The waste electrical and electronic equipment collection targets for the second quarter of 2020 have been missed, according to the provisional data released by the Environment Agency earlier this Month.
The provisional statistics are still to be verified throughout August but are already suggesting that only 64,039 tonnes of household WEEE was collected and recycled by producer compliance schemes. This figure shows a huge fall from the Q1 in which 134,610 tonnes of waste was collected.
The fall in WEEE collected is expected to be due to the impact COVID-19 has had on the country. The Q2 figures cover the period from April to June, when the UK was in a nationwide lock-down and shows that although household WEEE waste collection increased once local recycling centres reopened during lockdown, there was an estimated 52% drop in overall electronic waste collected and recycled.
Robbie Staniforth, Head of Policy at compliance specialists Ecosurety, said: “While the drop in collections is both anticipated and significant, there is some hope that we can make up lost ground with higher collection rates expected in the second half of this year. Local authority services are coming back to normality and we have seen private collections starting to rebound slightly. However, consumer confidence and industry output is so low that we have now entered a recession. The obvious upside is that citizens will be keeping their machines and devices longer but that will lead to a drop in the amount discarded and difficulty in meeting the targets set for this year.”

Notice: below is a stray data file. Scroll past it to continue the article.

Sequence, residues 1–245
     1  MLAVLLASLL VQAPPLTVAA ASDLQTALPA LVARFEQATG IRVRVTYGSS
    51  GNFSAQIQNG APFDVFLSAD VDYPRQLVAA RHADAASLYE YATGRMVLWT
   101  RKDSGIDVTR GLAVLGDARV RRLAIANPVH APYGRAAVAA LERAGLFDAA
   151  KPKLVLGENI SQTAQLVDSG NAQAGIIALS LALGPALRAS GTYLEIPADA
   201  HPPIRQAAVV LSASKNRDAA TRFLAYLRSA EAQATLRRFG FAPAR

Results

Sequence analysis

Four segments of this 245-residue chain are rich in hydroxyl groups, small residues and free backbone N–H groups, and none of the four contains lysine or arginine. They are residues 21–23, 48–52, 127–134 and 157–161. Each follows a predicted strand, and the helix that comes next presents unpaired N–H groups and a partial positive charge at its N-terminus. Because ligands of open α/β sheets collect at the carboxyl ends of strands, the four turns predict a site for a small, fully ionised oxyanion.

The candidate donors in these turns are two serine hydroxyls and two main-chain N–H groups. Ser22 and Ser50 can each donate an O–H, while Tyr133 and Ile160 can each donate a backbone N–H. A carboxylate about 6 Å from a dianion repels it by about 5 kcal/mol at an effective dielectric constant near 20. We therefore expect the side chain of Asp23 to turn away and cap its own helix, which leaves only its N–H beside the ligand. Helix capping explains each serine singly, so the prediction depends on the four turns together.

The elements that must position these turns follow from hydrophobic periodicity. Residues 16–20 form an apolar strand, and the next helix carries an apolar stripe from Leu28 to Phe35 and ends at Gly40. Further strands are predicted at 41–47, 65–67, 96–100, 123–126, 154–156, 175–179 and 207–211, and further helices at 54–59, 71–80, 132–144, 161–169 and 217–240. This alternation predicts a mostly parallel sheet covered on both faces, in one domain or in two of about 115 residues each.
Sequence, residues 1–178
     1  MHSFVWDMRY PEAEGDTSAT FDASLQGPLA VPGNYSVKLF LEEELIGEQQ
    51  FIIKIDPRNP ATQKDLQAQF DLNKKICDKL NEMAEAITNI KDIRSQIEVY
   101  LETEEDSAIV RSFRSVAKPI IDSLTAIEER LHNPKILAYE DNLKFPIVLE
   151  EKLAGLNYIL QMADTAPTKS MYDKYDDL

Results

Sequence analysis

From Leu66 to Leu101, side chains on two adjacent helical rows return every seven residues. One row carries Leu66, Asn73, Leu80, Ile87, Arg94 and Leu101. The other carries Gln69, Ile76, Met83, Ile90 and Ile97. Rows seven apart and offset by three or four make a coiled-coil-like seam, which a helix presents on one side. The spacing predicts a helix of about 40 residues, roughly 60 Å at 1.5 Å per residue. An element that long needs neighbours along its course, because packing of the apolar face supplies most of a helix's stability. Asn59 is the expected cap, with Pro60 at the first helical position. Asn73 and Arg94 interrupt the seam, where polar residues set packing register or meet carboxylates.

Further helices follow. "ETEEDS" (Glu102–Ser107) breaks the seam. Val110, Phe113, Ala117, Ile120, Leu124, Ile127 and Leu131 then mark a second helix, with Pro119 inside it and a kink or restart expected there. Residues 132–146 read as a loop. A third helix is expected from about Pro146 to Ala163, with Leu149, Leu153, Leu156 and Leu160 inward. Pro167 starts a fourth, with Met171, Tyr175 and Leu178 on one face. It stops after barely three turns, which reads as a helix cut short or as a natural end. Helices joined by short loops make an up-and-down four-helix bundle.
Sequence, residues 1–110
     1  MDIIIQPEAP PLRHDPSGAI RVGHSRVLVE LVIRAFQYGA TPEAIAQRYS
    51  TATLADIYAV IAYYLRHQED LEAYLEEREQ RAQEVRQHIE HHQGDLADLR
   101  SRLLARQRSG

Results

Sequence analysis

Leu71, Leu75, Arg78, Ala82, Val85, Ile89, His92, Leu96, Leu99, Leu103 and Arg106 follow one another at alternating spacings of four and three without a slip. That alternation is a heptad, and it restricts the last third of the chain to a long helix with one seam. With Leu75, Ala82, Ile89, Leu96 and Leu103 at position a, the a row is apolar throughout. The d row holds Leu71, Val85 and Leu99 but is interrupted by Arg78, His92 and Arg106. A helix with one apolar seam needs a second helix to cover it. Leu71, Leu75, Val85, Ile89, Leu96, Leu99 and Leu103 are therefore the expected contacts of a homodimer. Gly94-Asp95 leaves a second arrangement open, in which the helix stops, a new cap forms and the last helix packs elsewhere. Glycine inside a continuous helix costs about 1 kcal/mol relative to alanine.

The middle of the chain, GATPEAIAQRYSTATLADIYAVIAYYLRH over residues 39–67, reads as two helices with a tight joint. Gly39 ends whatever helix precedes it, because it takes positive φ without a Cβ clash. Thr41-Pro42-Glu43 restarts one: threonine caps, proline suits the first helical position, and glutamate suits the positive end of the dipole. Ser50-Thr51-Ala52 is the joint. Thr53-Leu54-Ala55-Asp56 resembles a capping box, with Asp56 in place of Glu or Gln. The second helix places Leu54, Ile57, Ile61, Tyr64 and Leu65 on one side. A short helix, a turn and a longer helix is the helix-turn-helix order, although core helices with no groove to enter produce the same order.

Normally, when the annual target is missed, PCSs and producers are obligated to pay a compliance fee if they fail to obtain sufficient evidence to meet their collection targets under the 2013 WEEE Regulations.
The Department for Environment, Food and Rural Affairs (Defra) stated that it would take the impact of Covid-19 into account when considering methodologies for this year’s compliance fee, which has been welcomed by the sector.
Staniforth said: “All industry eyes will now be on the methodology selected for the Compliance Fee. It needs to incentivise collections for the rest of the year without being too punitive on producers who cannot be over-burdened by the effects of the pandemic on the recycling sector. It will be a tricky balancing act for the proposers and Defra. One significant change we would like to see is the removal of the escalator in previous methodologies that sees big schemes and producers pay less per tonne than smaller ones.”
Harvey added: “So it is good that WEEE recyclers were offered interest free loans from the WEEE Fund earlier this year. That will hopefully help to tide them over during this challenging time. But for producers and PCSs, we need a 2020 compliance fee that takes full account of the tonnage reduction. It needs to be very carefully designed. It should not burden producers and their schemes with large compliance fee payments that would be the logical consequence of a failure to hit targets. But at the same time, it must continue to incentivise WEEE collections. Meeting those two potentially conflicting objectives will require careful economic analysis coupled with innovative thinking.”